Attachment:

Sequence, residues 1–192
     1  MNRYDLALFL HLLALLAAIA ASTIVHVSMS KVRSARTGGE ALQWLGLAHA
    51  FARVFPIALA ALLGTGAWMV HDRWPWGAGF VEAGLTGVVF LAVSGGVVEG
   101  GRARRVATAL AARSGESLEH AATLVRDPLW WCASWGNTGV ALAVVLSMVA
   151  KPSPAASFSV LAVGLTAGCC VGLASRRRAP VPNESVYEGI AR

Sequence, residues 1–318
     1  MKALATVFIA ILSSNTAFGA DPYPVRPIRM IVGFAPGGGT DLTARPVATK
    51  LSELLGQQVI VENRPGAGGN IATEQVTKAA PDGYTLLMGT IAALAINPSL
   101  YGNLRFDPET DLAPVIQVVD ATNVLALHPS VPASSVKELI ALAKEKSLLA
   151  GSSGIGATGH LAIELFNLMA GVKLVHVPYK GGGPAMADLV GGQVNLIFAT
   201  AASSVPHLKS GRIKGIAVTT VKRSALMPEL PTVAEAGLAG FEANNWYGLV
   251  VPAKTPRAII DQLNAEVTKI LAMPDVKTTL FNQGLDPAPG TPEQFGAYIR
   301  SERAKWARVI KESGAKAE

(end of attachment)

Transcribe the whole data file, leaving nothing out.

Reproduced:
Sequence, residues 1–192
     1  MNRYDLALFL HLLALLAAIA ASTIVHVSMS KVRSARTGGE ALQWLGLAHA
    51  FARVFPIALA ALLGTGAWMV HDRWPWGAGF VEAGLTGVVF LAVSGGVVEG
   101  GRARRVATAL AARSGESLEH AATLVRDPLW WCASWGNTGV ALAVVLSMVA
   151  KPSPAASFSV LAVGLTAGCC VGLASRRRAP VPNESVYEGI AR

Sequence, residues 1–318
     1  MKALATVFIA ILSSNTAFGA DPYPVRPIRM IVGFAPGGGT DLTARPVATK
    51  LSELLGQQVI VENRPGAGGN IATEQVTKAA PDGYTLLMGT IAALAINPSL
   101  YGNLRFDPET DLAPVIQVVD ATNVLALHPS VPASSVKELI ALAKEKSLLA
   151  GSSGIGATGH LAIELFNLMA GVKLVHVPYK GGGPAMADLV GGQVNLIFAT
   201  AASSVPHLKS GRIKGIAVTT VKRSALMPEL PTVAEAGLAG FEANNWYGLV
   251  VPAKTPRAII DQLNAEVTKI LAMPDVKTTL FNQGLDPAPG TPEQFGAYIR
   301  SERAKWARVI KESGAKAE